Monday, November 24, 2008

THE SURVIVORS - debut episode

Last night's debut broadcast of the 70's series remake was certainly better than I'd anticipated given that it had Primeval writer, Adrian Hodges, writing the script. I was expecting a cast of freshly scrubbed beautiful 20-somethings, scampering around a 'deserted' filmed-at-5am London, looking catwalk-beautiful as they fight to survive.

Well, what was somewhat reassuring is the mixed ages of the cast. The main character, Abbey Grant, is a mid-30s mum, there's an 11 year old boy, the alpha-male Greg Preston
looks to be lat 30's and requisite bad buy sprung from prison looks about the same. The rest of the cast are generic 20-something lovelies.

At least it's a start; an acknowledgement that there are other people outside the golden teen-to-late-twenties sweet spot, who, you know...actually exist.

I couldn't help feeling the set-up of the virus was somewhat rushed. Given that the rest of the series (and possible future seasons) will be set in the aftermath, a little more time spent exploring the Big Event itself as events unravelled would have been more illuminating.

The big disappointment in my opinion though was the musical score and the title sequence. If any of you remember the title music and sequence to the original series, you'll know exactly what I mean - it was utterly chilling. This one is just, well, ho-hum.

But the dramatic score was, actually cringe-inducing in places, particularly the 'weepy' moments where the viewer is bludgeoned to death with swirling violins loudly announcing 'sad bit; please proceed to the nearest hanky dispensor immediately'. Actually it was worse than just unsubtle - it sounded dated, like the canned scores used by an 70's American daytime hospital soap opera. 'I'm sorry Mrs Pacelli, I'm afraid it's not good news...' (cue swirly-swirly-violins and quivering bottom lip)

All things considered though, given this could have been as ghastly as Primeval, as naff as Dr Who....I think Survivors did comparatively well. Good, even.

Good....that is, until I hold it up against far better scripted shows out there (Dexter, Battlestar Galactica) and realise we Brits are largely rubbish at producing big-concept drama. Give us a Jane Austin novel to play around with and we're fine. Give us something bold and different and we fluff it.

Tuesday, November 11, 2008


It's always a big day for me when I type those two golden words right at the end of a novel. A fantastic feeling, exhaustion and exhileration at the same time.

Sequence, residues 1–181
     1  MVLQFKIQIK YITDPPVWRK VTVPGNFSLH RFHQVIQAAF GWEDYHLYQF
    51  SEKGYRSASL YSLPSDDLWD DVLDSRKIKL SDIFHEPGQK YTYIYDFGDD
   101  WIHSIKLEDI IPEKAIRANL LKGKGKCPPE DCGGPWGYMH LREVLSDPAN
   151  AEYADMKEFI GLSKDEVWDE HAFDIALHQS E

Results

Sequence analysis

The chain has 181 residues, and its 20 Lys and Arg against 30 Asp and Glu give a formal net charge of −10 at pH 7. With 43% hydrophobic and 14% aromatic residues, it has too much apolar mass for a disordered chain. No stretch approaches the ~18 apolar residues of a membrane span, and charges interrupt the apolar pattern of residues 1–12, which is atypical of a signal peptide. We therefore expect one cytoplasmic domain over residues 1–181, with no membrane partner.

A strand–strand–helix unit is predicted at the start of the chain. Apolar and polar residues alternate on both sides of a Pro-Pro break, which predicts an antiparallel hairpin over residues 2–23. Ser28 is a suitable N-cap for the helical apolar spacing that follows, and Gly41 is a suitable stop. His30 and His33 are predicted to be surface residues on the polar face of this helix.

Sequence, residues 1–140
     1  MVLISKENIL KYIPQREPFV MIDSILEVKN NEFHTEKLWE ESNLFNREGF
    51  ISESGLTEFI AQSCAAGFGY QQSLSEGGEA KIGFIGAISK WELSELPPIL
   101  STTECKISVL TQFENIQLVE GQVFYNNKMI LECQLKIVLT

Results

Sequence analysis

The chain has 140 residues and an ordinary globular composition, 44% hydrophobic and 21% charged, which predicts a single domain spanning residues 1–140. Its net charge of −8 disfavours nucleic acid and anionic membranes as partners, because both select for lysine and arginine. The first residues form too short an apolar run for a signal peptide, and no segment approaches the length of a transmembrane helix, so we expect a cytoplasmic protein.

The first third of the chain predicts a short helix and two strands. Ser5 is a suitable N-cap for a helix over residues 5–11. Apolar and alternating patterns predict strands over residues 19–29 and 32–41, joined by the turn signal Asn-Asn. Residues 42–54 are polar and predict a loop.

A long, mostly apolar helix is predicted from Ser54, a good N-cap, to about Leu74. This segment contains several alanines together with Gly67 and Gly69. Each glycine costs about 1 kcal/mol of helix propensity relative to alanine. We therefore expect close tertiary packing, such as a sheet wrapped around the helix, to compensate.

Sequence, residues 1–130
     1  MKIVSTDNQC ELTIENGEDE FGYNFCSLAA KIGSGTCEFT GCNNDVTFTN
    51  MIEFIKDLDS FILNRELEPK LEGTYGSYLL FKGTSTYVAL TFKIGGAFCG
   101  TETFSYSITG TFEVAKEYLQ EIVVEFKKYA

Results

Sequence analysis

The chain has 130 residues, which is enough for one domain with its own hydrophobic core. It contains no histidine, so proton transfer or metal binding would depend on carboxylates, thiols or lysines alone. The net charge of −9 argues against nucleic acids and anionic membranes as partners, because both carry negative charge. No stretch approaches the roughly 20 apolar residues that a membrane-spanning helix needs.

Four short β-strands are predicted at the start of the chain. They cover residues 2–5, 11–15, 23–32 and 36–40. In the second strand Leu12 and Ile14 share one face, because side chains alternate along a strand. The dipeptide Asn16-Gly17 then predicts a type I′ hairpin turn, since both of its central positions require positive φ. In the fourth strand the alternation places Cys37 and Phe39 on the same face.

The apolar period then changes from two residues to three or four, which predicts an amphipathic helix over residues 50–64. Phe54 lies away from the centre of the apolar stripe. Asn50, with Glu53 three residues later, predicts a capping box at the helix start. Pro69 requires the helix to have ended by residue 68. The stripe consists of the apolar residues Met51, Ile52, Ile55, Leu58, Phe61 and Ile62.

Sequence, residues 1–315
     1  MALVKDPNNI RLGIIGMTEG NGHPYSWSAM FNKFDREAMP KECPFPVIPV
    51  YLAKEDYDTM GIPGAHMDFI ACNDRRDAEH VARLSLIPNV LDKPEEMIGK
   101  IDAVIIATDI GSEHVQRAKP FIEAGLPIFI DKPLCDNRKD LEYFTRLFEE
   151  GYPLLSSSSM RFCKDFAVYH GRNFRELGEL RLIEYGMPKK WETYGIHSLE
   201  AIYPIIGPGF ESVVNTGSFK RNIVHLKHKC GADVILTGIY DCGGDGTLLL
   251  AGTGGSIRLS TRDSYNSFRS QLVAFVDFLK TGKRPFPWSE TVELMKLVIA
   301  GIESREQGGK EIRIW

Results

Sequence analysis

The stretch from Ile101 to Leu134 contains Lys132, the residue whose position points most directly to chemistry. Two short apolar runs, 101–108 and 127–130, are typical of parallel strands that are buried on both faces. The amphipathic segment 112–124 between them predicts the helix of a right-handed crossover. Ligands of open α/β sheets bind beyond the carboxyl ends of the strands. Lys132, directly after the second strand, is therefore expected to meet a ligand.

So, if you've just stumbled onto this blog, not a member of the Scarrow forum, then 'Streamers' won't mean a thing to you. So for you Passing a nutshell:-

Streamers is a time travel series of novels for young adults. The 'streamers' in our title are our heroes; children and teenagers plucked from history a moment before their certain death, and recruited into a secret agency tasked with keeping history 'tidy'.

For, you see, with the invention of time travel, there will be those from the future who'll attempt to alter history for their own ends; neo-nazis who'd want the Germans to win WWII, Royalists who'd like King Charles to have beaten Cromwell...a Catholic church who'd have been more than happy if there'd never been a renaissance.

The first book's done. And it's dark. Very dark. And in places quite scary. If I were to try and sum it up, it's TIME BANDITS meets I AM LEGEND meets TERMINATOR.

It's a fun concept to work with - alternative history lines, 'what ifs', time travel, gadgets and gizmos, the future world, the past. And in between the action, an opportunity for characters from the past to see our present world, and alternatively marvel at our technology or pity our obesity/apathy. Plenty of room for some social commentary there!

So, whilst I've written it for a young adult audience, there's stuff in there that I'm almost certain may have to come out at the editing stage. Pretty grim stuff.
But that's for another day, when I begin the editing process. But right now, in fact, for the rest of today...I shall simply bask in the glow of having typed those two magical words...

'The End'.

Sunday, August 10, 2008


Oh my...I watched the entire thing on TV. Which is a testament to how incredible it was since I never normally bother with the Olympics at all. Only a country so disciplined, so well organised as China could have pulled off something so remarkable. It was truly breathtaking.

And a little intimidating too.

I mean, I shudder to think how shambolic and embarressing our London 2012 opening ceremony will be by comparison. I have a nightmare vision of a ceremony that incorporates little more than an SClub 7 track and several dozen hoodies body-popping over our wonderfully expensive and politically acceptable 'urban' street-art logo.

Yup, we're sure to conjure up a pretty lame opening show, and somehow make it cost more than the entire annual budget for the BBC. The cost thing....sigh....that's a whole other discussion. There's a very good reason why the Olympics budget will vastly overrun, which maybe I'll moan about in a few days time. Suffice to say, if our Olympics isn't blown to pieces by radical islamists, it'll most likely be a monumental cock-up.

Saturday, July 05, 2008

DR WHO-writes-this-crap

I sat through the finale with my lad, because it's nice to do things together. But blimey...this was truly appalling.

I really don't know where to begin trying to analyse what was basically a butt-clenchingly, excruciatingly embarrassing SciFi pantomime. Coincidence piled on coincidence....exposition layered upon exposition, convenient gadget/plot device after convenient gadget/plot device, reunion piled upon reunion. Cheesey-weesey cartoon baddies monologuing like mad, naff dialogue from beginning to end. Clearly quite expensive stage set, badly over-lit with gaudy lights, MTV editing for over-sugared low attention-span kiddie-winks. The cornball romantic sub-plot with Rose, and that unfair slight of hand over the doctor's regeneration (specifically added to the story line to generate loads of tabloid press speculation as to whom would be brought in to play the next doctor) tsk tsk. Cheap shot.